I recently watched an episode of The Good Doctor. The main character, Shaun Murphy, has autism and speaks honestly and without a filter. He posed a question to the surgical team. If humans lived for 1,000 years, should the marriage vows still mean “till death do us part?”
We struggle with a 50% divorce rate with an 80-year lifespan. My thought is there would be two significant groupings. In one group, members would be serial brides and grooms, and the other would be couples to the end. One is not right or wrong for me.
But we won’t be living for 1,000 years anytime soon, at least not in my future.
I’ve been married for over 40 years. I consider that a milestone and an accomplishment.
Over the years, I have matured, and with that gain of life experience and wisdom, I have fallen deeply in love. Yes, with my wife!
For our 25th wedding anniversary, I bought us matching engraved wine glasses – well, not perfectly matching. My wife had an extra line of etching to the phrase “25 years of marriage” with the added inscription “and 2 of them happy ones.” A line from Henny Youngman.
The salesman cautioned me. “You know you can’t return engraved items? “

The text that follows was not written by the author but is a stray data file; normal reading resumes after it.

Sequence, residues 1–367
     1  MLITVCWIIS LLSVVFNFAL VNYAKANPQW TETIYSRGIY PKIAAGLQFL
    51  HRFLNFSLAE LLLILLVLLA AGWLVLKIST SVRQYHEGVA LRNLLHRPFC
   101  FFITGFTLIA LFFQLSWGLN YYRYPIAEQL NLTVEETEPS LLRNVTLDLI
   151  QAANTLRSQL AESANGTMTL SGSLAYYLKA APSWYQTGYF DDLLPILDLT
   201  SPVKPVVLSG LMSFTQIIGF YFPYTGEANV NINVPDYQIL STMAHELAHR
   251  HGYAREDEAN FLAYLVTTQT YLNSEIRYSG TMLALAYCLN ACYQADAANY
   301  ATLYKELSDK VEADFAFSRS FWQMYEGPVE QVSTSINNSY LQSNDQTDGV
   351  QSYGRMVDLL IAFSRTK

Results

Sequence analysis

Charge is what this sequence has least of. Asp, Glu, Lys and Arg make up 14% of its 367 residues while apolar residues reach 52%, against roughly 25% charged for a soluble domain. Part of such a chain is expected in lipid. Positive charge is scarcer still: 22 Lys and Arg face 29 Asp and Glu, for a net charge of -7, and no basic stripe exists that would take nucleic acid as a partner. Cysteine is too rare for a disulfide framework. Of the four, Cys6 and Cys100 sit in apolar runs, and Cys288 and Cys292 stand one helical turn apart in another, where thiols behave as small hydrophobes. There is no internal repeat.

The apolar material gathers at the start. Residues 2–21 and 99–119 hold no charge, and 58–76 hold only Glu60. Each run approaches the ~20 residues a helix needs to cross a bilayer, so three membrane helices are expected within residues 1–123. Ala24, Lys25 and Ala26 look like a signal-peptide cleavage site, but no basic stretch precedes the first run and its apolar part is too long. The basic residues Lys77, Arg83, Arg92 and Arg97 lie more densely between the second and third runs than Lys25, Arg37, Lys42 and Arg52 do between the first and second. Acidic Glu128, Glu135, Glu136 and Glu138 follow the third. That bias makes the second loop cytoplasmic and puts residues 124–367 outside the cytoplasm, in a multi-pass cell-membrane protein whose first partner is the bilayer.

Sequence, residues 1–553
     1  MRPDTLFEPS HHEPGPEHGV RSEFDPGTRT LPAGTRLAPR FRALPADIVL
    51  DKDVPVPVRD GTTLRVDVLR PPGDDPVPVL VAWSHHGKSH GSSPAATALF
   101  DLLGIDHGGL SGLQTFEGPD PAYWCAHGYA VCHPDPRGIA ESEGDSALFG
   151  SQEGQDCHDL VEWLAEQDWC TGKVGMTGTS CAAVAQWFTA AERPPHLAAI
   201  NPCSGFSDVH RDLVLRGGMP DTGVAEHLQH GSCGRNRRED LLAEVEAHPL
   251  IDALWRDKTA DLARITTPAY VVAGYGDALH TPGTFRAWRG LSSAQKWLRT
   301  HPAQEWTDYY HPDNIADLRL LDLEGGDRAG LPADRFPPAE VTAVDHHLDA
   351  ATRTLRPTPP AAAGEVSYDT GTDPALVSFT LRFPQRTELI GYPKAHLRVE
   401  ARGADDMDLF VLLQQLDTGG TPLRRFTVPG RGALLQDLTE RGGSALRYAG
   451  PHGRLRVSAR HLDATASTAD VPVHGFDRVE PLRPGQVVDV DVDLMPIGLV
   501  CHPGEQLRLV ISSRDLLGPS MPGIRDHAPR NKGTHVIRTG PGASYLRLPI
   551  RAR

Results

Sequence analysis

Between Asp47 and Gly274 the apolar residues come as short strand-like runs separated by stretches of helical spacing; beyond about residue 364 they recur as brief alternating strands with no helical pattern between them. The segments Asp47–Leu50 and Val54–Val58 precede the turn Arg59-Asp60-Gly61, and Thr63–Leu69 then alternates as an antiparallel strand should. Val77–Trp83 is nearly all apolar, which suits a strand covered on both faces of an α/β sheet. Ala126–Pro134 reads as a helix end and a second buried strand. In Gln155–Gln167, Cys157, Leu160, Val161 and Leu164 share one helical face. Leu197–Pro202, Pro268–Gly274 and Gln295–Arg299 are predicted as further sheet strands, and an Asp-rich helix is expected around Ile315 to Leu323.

My wife’s reaction was as I expected – a great hearty laugh. Phew!
So how have we grown more together over our short lifespans? First, my wife is the easiest person in the world to get along with, and hopefully, I am too. We don’t sweat the small stuff – and most of our lives are filled with the small stuff. We save the areas of conflict for things that really count. We have differences in what we each consider essential. Not everything is.
I laugh, looking back at our selection process for a living room lamp. We each had different reasons for wanting what we wanted, without being able to articulate that difference. We lived in semi-darkness for many months while the hunt went on. One day, we walked into yet another furniture store and saw a lonely lamp, on sale, off in the corner. We both liked it, and we bought it.
This isn’t an approach for the faint of heart. For us, it was not worth an argument nor a power play to get our way.
When we are apart, we appreciate the opportunity to have experiences that the other will never have, except vicariously through the telling.
Please give a bit of a think.
What are two things you could do differently to strengthen your relationships with two other people? One thing would be to start doing, and the other would be to stop doing.
I’m curious about your thoughts. Please leave your comment.
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